Associations Should Not Waive Assessments
Homeowner and condominium associations should continue to address delinquent accounts even during the COVID-19 pandemic to avoid significant harm to association finances. The associations that successfully come out of this crisis will be those in which the members understand the payment of assessments is a “must pay” bill and where the Board is flexible in working with the members to enable payments to continue
In times of financial distress, homeowners in condominiums and homeowners’ associations facing personal hardship may ask their community association to consider stopping assessment collections. However, assessments are the lifeblood of community associations, and the community could crumble without that financial support. Unlike many businesses that potentially have additional assets that can keep it afloat for a time, community associations only have one revenue stream: assessments.
Most governing documents, as well as state laws, do not allow for HOA and condominium assessments to be waived and doing so could also inadvertently harm the association in the process. For this reason, Boards should not waive assessments even during times of crisis.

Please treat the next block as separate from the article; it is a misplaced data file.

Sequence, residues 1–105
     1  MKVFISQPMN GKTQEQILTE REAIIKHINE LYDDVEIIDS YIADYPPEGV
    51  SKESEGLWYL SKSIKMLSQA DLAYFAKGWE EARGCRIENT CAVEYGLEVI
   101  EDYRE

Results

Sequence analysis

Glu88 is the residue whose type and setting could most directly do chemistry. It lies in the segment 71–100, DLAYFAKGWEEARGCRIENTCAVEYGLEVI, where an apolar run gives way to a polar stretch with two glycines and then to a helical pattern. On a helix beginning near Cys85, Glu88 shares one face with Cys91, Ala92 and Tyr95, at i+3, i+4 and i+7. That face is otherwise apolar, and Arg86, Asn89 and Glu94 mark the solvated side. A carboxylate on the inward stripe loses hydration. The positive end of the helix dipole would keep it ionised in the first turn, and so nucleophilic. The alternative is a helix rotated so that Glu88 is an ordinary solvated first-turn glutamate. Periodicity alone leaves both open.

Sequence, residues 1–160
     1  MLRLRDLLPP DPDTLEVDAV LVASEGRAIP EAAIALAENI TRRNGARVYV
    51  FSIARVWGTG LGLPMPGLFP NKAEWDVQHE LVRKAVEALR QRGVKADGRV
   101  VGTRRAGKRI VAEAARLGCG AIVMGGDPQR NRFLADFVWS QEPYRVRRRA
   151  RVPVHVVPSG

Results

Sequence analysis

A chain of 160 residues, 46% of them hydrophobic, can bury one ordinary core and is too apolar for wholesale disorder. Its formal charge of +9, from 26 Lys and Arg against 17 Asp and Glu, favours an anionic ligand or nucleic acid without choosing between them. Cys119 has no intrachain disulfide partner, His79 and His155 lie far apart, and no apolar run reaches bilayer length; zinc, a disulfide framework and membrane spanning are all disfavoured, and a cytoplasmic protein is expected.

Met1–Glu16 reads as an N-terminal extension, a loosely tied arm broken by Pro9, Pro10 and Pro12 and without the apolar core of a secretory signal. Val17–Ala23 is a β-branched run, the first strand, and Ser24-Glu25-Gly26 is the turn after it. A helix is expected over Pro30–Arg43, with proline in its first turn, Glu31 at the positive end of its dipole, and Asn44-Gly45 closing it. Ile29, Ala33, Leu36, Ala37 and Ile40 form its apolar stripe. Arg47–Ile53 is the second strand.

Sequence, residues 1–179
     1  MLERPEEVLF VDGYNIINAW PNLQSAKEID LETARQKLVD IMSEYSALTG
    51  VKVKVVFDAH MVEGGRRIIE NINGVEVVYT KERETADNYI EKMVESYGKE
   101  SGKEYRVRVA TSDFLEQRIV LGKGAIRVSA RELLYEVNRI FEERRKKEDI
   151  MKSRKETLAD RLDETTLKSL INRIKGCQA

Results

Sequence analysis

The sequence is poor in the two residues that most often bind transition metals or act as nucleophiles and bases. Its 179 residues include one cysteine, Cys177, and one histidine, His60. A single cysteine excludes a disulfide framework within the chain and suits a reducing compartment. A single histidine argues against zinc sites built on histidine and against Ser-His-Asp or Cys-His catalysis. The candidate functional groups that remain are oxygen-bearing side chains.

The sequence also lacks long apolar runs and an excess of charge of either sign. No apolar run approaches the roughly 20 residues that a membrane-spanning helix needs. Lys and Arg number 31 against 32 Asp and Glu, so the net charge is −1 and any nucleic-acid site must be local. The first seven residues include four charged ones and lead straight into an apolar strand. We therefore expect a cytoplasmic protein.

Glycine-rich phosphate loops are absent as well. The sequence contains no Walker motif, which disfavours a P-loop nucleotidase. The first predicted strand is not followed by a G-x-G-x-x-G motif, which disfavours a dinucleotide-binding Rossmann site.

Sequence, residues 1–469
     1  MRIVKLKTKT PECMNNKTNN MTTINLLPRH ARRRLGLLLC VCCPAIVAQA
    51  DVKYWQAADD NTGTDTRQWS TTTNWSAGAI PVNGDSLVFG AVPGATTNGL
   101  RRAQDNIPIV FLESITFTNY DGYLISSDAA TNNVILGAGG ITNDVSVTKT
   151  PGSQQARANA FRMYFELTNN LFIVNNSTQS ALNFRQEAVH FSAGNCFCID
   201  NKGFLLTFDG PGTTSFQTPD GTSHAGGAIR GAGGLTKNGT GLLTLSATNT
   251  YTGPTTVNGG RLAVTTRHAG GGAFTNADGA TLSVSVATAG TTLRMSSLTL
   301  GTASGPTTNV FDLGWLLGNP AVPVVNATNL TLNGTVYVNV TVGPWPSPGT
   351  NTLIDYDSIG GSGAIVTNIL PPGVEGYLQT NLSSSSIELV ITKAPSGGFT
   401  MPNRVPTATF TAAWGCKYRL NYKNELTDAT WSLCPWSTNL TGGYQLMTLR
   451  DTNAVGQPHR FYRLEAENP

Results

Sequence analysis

Like many businesses, community associations have an annual budget which is calculated based on their projected expenses for the year. Waiving or not collecting assessments could have a devastating impact on the associations’ obligation to maintain and repair the common areas and provide normal services.
Refusing to waive assessments does not mean community associations cannot work with homeowners who are facing financial hardships. While the Board of Directors should not waive assessments, Boards should consider waiving late fees and interest for late payments resulting from COVID-19 financial distress to allow for some relief for owners. Boards may also give owners extra time to pay assessments without penalty, or offer flexible payment plans to help give owners time to get back on track after financial struggles.
Community associations are wise to communicate early and often with their owners about the payment of assessments and HOA collections. Boards should also encourage owners to reach out to the Board if they are facing a personal financial situation in order to find a solution that fits their needs. By keeping the lines of communication open as the COVID-19 pandemic evolves, Boards can work with owners without waiving assessments.
Commonly Asked Collections Q&A
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NowackHoward is home to some of the best HOA attorneys in Georgia. Our lawyers are fielding questions from HOA Board members everyday related to the COVID-19 pandemic. We are here to help you find the best ways to maintain your community’s health and safety, as well as the functionality of the association to remain strong in the face of new challenges.